Here’s why you stop liking someone when they like you too


Nicole Phillip, a 30-year-old social media strategist from Orlando, Fla., noticed a pattern in her dating life.

“Before I get into a relationship, I write people off very quickly,” she told HuffPost. “When someone is very interested in me, it’s repulsive. I prefer slow burns because quick love affairs activate my fight-or-fly principle, and I usually choose to fly.

It’s a shared experience. You have a crush on someone, but when they reciprocate, you quickly lose interest.

For Jaz Melody, 27, from Los Angeles, that feeling was palpable.

“Before I could heal the parts of me that rejected intimacy, I searched intensely for romantic relationships,” she said. “But as they started to go deeper, I felt my body physically rejecting them.”

Through therapy, Phillip and Melody were able to determine that these behaviors were a result of their attachment styles.

“Attachment style” refers to the way a person interacts with others in intimate and platonic relationships. Attachment styles are usually shaped by our relationships with our parents and early caregivers, and fall into four categories: secure, avoidant, anxious, and disorganized.

A secure attachment style allows people to set and feel boundaries stable, safe and happy in their relationships. On the other hand, people with avoidant, fearful, and disorganized attachment styles I don’t feel safe in relationships. They are all about trusting people and tend to prioritize independence. As a result, an insecure attachment style can make someone reluctant to enter into a relationship—hence the feeling of withdrawing once feelings are reciprocated.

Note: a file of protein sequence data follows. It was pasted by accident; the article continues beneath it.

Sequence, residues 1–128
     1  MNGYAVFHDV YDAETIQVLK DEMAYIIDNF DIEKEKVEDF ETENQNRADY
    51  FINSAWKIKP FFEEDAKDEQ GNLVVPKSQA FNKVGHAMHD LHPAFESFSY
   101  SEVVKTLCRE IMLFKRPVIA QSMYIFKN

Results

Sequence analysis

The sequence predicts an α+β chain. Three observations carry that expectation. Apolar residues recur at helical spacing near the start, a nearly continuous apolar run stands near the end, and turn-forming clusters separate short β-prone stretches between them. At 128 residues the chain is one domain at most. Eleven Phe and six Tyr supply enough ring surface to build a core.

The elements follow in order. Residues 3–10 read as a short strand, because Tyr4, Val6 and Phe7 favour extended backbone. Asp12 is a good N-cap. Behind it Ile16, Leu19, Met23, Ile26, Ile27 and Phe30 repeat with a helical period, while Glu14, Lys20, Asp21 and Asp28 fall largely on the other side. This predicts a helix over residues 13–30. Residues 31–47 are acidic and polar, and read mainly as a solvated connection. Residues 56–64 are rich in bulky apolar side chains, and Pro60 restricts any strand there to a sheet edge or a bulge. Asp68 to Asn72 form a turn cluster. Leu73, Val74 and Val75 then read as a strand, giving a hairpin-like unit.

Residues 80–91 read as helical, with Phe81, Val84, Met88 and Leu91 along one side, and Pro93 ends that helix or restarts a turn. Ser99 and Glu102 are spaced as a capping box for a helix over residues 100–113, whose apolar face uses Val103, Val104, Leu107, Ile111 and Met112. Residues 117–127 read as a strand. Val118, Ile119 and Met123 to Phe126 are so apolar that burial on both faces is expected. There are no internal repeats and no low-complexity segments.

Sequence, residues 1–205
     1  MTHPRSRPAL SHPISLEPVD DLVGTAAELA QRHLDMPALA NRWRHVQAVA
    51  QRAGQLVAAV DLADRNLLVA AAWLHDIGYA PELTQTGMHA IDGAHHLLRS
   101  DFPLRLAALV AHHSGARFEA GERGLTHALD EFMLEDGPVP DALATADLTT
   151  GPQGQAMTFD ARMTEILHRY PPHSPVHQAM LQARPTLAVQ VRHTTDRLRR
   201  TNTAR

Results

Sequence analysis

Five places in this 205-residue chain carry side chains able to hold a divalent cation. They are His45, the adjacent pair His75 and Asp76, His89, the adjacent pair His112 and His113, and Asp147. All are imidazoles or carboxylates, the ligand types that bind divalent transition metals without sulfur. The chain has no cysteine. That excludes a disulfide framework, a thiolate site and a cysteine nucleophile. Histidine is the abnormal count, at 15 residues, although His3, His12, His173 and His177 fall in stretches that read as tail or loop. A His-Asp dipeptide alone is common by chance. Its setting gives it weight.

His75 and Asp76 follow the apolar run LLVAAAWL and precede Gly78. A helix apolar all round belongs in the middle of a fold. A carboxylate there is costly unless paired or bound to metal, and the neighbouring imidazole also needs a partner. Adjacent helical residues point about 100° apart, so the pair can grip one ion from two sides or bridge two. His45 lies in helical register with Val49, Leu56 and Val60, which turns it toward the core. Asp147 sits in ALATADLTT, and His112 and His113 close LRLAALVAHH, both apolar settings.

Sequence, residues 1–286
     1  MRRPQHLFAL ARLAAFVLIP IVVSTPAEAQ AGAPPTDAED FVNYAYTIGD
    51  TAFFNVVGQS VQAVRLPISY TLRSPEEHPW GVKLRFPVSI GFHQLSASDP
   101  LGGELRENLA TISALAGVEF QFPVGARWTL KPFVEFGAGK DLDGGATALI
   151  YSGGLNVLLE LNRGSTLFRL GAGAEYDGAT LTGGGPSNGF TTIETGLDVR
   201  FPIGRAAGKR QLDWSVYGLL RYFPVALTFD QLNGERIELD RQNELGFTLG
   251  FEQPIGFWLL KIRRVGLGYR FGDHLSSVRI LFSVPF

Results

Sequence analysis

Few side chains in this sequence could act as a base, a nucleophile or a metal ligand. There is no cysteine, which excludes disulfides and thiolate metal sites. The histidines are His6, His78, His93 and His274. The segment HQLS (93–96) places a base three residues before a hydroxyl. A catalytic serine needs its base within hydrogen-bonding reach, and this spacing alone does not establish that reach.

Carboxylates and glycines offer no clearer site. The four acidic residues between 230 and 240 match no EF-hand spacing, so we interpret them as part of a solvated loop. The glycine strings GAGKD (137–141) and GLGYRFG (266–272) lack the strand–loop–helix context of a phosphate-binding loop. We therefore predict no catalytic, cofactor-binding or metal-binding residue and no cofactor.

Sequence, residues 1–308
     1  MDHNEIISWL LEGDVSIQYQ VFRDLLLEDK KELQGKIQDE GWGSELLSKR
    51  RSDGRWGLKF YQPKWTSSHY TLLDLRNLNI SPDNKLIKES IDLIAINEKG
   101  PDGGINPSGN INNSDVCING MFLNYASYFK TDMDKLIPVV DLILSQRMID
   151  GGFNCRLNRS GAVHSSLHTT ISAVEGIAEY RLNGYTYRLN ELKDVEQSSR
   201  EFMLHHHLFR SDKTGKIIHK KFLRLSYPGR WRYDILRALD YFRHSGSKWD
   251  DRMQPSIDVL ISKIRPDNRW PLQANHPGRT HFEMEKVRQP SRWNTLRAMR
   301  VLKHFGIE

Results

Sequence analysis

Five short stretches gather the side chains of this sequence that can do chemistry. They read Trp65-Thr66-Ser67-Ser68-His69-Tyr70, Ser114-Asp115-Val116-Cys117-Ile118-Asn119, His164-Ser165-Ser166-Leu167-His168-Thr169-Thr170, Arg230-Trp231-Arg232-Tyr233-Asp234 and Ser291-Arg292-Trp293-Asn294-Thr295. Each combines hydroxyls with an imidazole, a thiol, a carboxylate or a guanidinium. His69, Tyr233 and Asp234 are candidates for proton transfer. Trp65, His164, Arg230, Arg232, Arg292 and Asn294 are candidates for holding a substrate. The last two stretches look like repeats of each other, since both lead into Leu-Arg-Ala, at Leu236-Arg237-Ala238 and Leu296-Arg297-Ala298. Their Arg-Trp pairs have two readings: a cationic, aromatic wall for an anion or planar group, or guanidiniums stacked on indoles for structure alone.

It is something Psychologist Shaurya Gahlawat sees her constantly in her private practice.

“We lose interest when we come into power, and when someone admits they like us, that’s exactly what we feel,” Gahlawat said. “We give up working hard and it’s not challenging enough, so sometimes we feel, ‘I did it!’ What next?'”

A 2020 Southern Methodist University study I’ve found that simply knowing your attachment style and being aware of your fearful or avoidant traits can help you become more secure in your relationships. (Take this quiz to find out your attachment style.)

That was the case with Melody. “I realized I was experiencing both the fearful and avoidant side of attachment styles,” she said. “As I read the description of the disorganized attachment style, I felt like I was seeing myself and all of my qualities for the first time.”

We asked experts how insecure attachments might be affecting your relationships and how you can develop a secure attachment style in the future.

Insecure attachments in relationships

Anxious, avoidant, and disorganized attachment styles overlap in some respects and differ in others. people with one fearful attachment style have high levels of anxiety about entering into a relationship and tend to fear rejection.

“An anxiously attached person may feel that they will not do well in the relationship, that the relationship will not last, that it will not be good enough, or that the person may later lose interest in them,” said Gahlawat.

This can manifest itself as they “desire a high level of intimacy, often worry about their partner’s feelings, and seek validation,” she said.

people who have one avoidant attachment style could have one fear of attachment, and may demonstrate total withdrawal from relationships. You may also crave independence and have one strong sense of autonomy. Therefore, they try to distance themselves from other people to avoid frustration.

“People with an avoidant attachment style may have difficulty with emotional intimacy and may be uncomfortable with the vulnerability that comes with admitting or receiving feelings,” Gahlawat said. “When someone with an avoidant attachment style is confronted with another person’s romantic feelings, they may instinctively withdraw or be reluctant to retaliate for fear of being devoured or losing their sense of autonomy.”